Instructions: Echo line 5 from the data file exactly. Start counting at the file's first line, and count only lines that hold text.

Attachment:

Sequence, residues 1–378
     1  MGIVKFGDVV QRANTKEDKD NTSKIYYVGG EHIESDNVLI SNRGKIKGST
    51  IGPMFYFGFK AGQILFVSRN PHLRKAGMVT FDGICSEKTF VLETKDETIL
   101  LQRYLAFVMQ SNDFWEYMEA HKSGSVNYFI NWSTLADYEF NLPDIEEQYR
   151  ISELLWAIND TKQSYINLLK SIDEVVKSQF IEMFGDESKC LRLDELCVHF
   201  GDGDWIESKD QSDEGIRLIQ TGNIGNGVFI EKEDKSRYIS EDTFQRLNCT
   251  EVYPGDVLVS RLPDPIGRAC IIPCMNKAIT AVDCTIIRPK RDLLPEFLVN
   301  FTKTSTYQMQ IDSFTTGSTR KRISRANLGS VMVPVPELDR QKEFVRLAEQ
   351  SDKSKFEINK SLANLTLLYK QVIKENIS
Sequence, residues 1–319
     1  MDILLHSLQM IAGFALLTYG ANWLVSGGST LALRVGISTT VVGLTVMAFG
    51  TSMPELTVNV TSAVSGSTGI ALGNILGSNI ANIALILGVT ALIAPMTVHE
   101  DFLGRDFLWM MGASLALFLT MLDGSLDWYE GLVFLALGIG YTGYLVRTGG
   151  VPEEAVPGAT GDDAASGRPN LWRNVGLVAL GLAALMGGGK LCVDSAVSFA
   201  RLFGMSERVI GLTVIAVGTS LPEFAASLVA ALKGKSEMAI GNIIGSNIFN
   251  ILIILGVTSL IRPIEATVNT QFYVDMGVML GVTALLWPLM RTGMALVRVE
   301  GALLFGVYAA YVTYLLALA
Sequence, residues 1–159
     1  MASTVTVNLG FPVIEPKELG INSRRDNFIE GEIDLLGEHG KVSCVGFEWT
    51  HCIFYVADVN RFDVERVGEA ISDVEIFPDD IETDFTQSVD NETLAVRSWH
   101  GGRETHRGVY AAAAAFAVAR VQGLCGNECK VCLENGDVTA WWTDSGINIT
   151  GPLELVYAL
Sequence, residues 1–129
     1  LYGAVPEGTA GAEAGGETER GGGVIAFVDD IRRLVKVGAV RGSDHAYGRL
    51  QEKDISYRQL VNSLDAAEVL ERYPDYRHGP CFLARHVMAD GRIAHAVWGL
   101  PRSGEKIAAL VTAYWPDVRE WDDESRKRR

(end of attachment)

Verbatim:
   151  ISELLWAIND TKQSYINLLK SIDEVVKSQF IEMFGDESKC LRLDELCVHF